There are some things that you can pick up from Netflix’s missteps so you don’t repeat the same mistakes. The first thing that Netflix should have done was be more proactive and be more transparent with everything that was going down. Of course, Netflix didn’t start issuing those memos until after there was a sufficient amount of backlash for people who felt harmed or were offended and appalled by what Dave Chappelle said. As a result of all that backlash, Netflix went forward and issued a memo stating what their stance was that they were going to keep the program on the air.

The responses happened largely because of the backlash, but it’s not like Netflix didn’t know what was in the documentary or that it might cause a bit of an uproar. There were plenty of executives within Netflix who had seen the special, who knew the contents of it, who knew that it might be controversial. They could have added some type of warning that the content might be considered offensive to some. There were also a number of other things that were going on. One employee busted into an existing Netflix meeting to talk about the controversy, talk about the harm that was being caused by this special. And this employee ultimately ended up getting suspended.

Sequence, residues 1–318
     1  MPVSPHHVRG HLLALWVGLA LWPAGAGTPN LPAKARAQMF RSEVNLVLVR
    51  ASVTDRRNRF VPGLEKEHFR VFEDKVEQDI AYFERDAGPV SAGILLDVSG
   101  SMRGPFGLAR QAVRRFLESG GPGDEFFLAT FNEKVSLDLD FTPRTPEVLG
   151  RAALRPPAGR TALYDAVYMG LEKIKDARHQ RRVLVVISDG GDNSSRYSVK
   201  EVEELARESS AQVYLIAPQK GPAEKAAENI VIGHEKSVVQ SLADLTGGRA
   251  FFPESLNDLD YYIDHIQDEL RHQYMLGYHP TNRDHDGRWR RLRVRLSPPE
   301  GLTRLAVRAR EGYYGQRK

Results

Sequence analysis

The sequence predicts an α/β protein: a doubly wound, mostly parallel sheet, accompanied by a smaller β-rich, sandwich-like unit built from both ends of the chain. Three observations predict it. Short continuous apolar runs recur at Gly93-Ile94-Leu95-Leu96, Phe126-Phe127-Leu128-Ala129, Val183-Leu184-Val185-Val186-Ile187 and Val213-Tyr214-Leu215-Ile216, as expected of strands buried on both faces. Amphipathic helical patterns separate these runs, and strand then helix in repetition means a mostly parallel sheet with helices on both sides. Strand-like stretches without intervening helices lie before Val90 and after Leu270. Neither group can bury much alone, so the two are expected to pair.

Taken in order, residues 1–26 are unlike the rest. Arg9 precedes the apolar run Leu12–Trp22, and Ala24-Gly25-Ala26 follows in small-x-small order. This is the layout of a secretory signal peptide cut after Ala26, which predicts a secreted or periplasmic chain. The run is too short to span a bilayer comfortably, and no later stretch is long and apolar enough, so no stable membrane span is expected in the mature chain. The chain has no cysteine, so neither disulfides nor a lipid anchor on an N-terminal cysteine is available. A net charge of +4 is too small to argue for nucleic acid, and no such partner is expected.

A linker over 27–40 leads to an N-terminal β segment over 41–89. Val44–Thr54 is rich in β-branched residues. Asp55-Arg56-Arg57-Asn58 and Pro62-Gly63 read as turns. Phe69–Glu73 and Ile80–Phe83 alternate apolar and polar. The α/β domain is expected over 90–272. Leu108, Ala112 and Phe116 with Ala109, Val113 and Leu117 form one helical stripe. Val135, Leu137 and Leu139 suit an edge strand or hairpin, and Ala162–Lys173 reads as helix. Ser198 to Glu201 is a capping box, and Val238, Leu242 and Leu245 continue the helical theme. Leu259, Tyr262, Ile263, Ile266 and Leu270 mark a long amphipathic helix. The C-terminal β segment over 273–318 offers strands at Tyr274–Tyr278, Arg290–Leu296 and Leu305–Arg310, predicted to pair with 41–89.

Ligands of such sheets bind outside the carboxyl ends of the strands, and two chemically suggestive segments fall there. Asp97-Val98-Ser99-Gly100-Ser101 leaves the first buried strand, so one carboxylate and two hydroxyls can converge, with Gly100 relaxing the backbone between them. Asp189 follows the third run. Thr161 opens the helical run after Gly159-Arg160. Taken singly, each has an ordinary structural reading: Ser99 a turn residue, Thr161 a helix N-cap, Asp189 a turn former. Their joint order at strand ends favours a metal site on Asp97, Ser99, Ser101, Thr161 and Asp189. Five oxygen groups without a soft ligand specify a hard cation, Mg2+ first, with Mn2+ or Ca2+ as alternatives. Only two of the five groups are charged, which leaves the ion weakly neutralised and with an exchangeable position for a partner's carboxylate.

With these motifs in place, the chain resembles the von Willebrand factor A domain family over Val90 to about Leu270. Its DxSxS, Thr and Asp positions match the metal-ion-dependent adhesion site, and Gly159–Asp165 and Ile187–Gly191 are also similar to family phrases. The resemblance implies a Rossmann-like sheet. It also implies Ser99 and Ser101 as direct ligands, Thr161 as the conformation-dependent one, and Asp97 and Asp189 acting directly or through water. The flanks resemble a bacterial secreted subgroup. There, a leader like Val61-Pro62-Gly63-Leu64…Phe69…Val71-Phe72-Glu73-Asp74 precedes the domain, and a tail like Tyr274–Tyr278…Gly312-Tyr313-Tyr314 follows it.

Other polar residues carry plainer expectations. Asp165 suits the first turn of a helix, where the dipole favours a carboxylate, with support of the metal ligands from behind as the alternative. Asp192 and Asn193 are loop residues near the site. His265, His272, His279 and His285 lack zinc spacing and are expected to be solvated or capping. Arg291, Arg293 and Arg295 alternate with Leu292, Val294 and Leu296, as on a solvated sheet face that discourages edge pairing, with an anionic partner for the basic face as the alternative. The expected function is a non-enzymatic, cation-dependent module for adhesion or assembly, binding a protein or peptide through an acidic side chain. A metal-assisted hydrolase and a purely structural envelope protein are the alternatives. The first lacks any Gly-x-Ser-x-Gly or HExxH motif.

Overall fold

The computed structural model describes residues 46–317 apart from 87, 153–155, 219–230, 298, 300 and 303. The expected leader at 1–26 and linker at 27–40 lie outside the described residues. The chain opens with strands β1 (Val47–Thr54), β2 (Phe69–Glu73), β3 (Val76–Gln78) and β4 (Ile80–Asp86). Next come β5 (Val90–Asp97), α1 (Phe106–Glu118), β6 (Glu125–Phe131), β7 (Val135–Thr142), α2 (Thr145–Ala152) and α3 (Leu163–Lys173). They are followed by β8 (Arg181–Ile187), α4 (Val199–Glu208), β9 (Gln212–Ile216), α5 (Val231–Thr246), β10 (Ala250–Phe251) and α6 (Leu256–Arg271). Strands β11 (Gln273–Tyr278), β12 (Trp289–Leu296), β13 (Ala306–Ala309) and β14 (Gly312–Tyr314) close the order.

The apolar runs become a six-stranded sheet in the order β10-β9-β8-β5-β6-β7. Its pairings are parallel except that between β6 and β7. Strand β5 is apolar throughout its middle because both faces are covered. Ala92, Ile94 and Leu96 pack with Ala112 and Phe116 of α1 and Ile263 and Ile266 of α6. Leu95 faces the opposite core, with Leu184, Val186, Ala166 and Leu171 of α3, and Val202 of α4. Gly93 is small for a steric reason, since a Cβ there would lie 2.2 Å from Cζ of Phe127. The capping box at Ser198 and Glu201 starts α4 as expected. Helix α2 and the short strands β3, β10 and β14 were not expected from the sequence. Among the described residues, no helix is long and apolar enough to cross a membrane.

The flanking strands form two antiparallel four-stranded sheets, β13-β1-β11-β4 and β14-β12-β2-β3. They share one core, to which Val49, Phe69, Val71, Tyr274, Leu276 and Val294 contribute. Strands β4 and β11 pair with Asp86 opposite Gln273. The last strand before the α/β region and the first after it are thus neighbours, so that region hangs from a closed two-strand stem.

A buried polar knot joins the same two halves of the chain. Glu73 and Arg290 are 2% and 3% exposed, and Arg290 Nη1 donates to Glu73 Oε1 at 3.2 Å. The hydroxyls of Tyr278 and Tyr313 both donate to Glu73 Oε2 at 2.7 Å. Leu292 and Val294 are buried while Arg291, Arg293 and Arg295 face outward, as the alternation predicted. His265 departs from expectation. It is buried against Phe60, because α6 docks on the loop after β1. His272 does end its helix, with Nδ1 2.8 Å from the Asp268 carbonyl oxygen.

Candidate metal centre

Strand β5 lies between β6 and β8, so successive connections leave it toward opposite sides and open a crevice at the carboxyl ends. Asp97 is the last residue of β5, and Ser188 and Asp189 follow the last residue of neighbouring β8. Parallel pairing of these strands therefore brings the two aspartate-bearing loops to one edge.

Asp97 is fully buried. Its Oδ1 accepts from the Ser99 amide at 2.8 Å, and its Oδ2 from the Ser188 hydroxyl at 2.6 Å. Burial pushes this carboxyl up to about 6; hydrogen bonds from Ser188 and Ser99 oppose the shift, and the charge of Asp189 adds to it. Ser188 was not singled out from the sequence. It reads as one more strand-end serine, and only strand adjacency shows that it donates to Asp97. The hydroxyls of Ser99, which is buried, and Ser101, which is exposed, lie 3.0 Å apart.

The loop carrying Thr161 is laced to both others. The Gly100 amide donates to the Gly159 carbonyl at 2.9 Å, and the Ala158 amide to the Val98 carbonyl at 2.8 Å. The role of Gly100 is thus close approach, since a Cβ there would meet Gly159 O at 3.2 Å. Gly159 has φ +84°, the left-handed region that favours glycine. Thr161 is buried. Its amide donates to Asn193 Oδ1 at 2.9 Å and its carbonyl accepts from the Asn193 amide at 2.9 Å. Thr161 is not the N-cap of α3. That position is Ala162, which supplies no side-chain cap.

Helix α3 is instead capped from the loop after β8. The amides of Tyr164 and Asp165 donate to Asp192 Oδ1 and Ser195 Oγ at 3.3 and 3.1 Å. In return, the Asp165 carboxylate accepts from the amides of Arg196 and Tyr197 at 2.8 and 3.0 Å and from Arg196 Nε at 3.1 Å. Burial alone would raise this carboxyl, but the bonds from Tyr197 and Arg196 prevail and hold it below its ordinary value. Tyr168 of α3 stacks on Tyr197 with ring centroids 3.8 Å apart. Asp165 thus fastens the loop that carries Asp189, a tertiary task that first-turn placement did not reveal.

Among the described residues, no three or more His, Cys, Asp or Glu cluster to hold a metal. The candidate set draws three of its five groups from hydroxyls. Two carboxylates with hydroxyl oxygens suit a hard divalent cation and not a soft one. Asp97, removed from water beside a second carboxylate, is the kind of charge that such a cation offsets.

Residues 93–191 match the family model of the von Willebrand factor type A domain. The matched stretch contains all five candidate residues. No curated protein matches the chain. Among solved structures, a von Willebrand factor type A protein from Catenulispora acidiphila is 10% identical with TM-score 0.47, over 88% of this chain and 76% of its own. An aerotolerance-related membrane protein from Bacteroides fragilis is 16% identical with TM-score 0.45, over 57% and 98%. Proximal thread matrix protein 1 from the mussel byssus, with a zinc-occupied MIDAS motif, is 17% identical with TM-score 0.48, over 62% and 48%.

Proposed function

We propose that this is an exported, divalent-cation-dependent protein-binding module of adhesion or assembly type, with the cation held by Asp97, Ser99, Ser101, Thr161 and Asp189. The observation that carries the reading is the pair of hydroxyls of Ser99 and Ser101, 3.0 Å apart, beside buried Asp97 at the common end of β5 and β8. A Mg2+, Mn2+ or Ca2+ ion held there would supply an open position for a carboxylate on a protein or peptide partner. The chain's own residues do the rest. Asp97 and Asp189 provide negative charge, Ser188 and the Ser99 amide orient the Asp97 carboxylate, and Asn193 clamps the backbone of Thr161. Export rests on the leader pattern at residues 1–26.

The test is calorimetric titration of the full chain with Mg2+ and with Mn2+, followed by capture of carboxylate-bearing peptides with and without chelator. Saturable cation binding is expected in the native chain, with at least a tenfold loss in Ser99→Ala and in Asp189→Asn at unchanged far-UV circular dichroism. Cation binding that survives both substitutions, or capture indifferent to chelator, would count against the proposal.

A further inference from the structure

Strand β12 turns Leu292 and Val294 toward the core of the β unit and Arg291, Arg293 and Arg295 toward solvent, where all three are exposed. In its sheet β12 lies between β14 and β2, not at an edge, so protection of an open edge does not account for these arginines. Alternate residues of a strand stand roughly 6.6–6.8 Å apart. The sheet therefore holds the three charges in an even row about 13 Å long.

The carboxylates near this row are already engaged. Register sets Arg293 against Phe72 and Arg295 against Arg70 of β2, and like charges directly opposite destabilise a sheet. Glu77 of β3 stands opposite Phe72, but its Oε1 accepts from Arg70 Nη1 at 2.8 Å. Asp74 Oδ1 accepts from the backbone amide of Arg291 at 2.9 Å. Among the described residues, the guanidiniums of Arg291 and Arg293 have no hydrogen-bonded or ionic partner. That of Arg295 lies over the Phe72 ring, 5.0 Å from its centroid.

Now, a lot of people felt like this person was suspended because they were protesting or because they were speaking out against Netflix decision, which really Netflix said, “No, this person was suspended because they came uninvited to a meeting and they disrupted a meeting.” Again, people were allowed to develop their own commentary, their own narrative about this. And Netflix never really commented on it, which added fuel to the fire in people’s angst in there being upset with the company.

They could have gotten ahead of that, which would’ve given people more pause or given them a chance to decide if they wanted to view it or not, or to just let them know that they understand that there was going to be some type of disagreement with it. That’s not to say that from an inclusivity standpoint, everyone is going to agree with what you’re doing. That’s not the point here. There will be always people who are going to be upset about something you’re doing.